Two sets of fast-tracked clinical guidelines, issued today at the AHA conference in Orlando, Fla., focus on a community-wide collaboration of emergency services for the management of STEMI patients, and present new treatment options for PCI.
The guidelines update is a joint effort of the American College of Cardiology (ACC), the American Heart Association (AHA) and the Society for Cardiovascular Angiography and Interventions (SCAI).
One of the new recommendations is for each community to develop an organized system of emergency care for MI patients, modeled after the AHA’s Mission: Lifeline initiative and the ACC’s Door-to-Balloon (D2B) campaign.
This plan would include protocols for identifying heart attack patients before they reached the hospital and directing ambulances to medical centers capable of rapidly performing PCI.
The guidelines include protocols for managing MI patients, who arrive at hospitals ill-equipped to perform PCI, including “arrangements for rapid transfer to a PCI center whenever possible.”
For MI patients who initially go to a non-PCI hospital and cannot be transferred quickly, the guidelines recommend they be treated with lytics. If the patients are later judged to be high risk, they should be transfered to a PCI center “without delay,” rather than waiting to observe whether the lytics were successful—as is common practice today.
“Patients should become advocates and urge their local hospital to become part of a community network that follows the recommendations of the Mission: Lifeline program,” said co-chair of the writing committee Frederick G. Kushner, MD, medical director of the Heart Clinic of Louisiana in New Orleans.
Another major change in the guidelines is greater acceptance of stenting for treatment of unprotected left main coronary artery disease. Traditionally, bypass surgery has been the recommended treatment for these patients; however, recent studies have shown that stenting of the left main is safe and effective.The new guidelines allow for left main stenting as an option when procedural complications are likely to be low and the patient faces an increased risk if treated surgically.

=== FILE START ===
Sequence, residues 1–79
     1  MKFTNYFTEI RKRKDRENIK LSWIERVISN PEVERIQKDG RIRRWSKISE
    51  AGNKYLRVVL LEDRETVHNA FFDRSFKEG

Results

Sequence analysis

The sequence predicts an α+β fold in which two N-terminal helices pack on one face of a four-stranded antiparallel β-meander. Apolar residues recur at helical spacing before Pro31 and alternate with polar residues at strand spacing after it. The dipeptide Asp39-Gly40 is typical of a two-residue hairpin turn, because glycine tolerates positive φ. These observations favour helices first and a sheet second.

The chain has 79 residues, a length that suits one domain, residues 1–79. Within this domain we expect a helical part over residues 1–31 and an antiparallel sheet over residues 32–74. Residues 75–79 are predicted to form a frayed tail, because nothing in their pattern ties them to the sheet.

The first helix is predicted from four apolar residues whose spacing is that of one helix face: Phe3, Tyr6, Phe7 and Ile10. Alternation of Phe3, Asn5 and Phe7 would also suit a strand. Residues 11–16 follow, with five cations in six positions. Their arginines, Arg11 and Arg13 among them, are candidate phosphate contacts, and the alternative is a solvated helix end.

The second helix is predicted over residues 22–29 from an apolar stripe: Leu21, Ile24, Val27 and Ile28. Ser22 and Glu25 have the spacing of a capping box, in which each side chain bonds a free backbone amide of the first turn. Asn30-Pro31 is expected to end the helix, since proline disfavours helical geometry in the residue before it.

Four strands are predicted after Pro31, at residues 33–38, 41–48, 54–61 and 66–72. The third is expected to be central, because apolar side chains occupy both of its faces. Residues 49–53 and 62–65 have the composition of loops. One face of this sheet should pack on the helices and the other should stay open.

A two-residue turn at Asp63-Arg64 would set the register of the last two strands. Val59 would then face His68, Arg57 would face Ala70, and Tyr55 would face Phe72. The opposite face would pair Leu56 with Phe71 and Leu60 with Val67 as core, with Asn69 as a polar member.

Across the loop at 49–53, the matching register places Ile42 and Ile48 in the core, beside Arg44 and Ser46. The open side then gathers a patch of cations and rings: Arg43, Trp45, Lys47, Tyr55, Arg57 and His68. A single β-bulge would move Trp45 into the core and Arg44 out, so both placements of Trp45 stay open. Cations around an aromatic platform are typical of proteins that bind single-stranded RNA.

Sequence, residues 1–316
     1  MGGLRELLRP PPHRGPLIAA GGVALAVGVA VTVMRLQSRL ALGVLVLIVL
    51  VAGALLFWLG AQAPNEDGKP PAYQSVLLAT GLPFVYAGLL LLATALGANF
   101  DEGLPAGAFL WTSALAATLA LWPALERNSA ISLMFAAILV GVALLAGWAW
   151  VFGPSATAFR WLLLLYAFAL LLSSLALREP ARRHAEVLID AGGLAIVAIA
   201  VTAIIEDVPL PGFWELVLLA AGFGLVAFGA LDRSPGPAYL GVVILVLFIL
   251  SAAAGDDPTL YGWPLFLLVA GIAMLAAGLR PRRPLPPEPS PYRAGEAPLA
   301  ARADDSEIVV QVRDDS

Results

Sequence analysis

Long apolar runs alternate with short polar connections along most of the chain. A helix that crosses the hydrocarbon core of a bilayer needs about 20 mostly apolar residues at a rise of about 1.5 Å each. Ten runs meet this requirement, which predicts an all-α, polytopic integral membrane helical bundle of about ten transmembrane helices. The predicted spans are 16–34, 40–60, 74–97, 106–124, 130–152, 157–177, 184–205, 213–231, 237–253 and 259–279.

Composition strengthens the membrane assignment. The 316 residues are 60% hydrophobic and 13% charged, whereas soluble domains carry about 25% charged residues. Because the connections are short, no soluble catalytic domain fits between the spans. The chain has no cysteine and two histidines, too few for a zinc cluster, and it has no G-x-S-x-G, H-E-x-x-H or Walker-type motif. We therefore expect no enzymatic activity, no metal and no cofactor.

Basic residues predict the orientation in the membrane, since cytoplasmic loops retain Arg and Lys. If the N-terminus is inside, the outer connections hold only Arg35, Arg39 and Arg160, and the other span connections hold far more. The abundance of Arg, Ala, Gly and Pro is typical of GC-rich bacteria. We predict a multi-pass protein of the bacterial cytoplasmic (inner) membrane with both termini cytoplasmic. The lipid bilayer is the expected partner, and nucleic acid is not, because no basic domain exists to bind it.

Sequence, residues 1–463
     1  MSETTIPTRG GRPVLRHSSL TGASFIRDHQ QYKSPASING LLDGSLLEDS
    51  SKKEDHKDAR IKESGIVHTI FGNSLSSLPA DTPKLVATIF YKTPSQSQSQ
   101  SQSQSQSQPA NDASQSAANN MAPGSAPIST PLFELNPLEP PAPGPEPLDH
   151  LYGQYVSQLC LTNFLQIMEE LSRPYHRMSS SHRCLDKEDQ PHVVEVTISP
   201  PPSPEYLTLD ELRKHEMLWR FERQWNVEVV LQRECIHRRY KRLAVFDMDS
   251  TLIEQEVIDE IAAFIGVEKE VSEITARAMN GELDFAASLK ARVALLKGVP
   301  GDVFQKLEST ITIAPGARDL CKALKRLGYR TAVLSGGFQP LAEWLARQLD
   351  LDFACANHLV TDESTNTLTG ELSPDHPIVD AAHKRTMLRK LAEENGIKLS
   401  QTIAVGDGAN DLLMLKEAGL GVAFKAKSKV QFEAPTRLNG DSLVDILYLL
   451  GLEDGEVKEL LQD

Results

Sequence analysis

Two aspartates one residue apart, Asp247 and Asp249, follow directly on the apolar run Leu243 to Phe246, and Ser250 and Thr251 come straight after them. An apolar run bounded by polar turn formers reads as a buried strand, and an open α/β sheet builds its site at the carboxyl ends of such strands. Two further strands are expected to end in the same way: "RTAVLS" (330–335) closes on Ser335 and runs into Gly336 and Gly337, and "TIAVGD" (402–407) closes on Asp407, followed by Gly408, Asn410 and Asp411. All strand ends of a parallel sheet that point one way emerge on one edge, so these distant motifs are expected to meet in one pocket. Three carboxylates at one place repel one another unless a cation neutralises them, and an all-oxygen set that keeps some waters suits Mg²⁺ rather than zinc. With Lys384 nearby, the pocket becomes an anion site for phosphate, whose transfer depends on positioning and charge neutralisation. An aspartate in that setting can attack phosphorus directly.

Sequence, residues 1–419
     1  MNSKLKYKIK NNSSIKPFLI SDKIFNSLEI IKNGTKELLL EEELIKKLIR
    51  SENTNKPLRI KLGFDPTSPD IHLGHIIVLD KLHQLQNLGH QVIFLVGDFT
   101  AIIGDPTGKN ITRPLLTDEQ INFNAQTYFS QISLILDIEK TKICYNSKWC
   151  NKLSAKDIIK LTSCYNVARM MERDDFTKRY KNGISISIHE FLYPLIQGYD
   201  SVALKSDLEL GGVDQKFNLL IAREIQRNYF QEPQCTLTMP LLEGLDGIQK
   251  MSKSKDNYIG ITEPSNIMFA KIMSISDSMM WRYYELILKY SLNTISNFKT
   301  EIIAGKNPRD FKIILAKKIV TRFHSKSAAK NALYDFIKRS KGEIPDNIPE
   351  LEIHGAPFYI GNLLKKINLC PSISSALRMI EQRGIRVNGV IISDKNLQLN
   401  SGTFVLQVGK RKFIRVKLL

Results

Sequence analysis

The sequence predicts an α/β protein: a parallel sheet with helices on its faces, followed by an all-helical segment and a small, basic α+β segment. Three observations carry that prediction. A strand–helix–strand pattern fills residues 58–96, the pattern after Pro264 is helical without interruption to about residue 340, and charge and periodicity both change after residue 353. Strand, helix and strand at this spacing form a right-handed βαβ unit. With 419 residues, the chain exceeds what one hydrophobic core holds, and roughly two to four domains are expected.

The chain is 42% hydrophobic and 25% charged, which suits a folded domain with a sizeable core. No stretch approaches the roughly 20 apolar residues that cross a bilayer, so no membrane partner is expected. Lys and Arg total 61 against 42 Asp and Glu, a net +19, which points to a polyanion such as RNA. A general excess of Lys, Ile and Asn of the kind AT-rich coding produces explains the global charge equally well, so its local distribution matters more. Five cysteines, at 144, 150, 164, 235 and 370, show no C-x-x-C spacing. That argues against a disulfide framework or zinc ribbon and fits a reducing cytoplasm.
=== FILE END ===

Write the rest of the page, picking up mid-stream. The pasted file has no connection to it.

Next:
The guidelines recommend stenting left main disease only with no other vessel or one-vessel disease.
“There is mounting evidence that left main coronary stenting, under certain circumstances, does carry a reasonably good outcome,” said co-chair of the writing committee Spencer B. King, III, MD, president of St. Joseph’s Heart and Vascular Institute in Atlanta.
The guidelines update incorporates several additional changes, including the:
- Use of fractional flow reserve;
- Use of aspiration thrombectomy;
- Use of prasugrel (Effient), which received a Class 1 recommendation;
- Recommendations for use of a variety of blood thinners and anti-clotting medications before, during or after PCI; and
- Broader recommendations on the types of x-ray contrast media that may be safely used to view the coronary arteries during PCI in patients with chronic kidney disease.
“The new process of rapidly updating guidelines will allow practitioners the opportunity to utilize contemporary evidence-based medicine to make critical decisions. Our patients will have more treatment options because the new guidelines include provisions for stenting left main and complex three-vessel coronary artery disease and stress the use of physiologic lesion assessment to optimize clinical outcomes,” said Steven R. Bailey, MD, SCAI president and cardiology division chief at the University of Texas Health Sciences Center at San Antonio.
The new guidelines update will be published in the Dec. 1 issues of the Journal of the American College of Cardiology and Circulation, and published online Nov. 18 in Catheterization and Cardiovascular Interventions.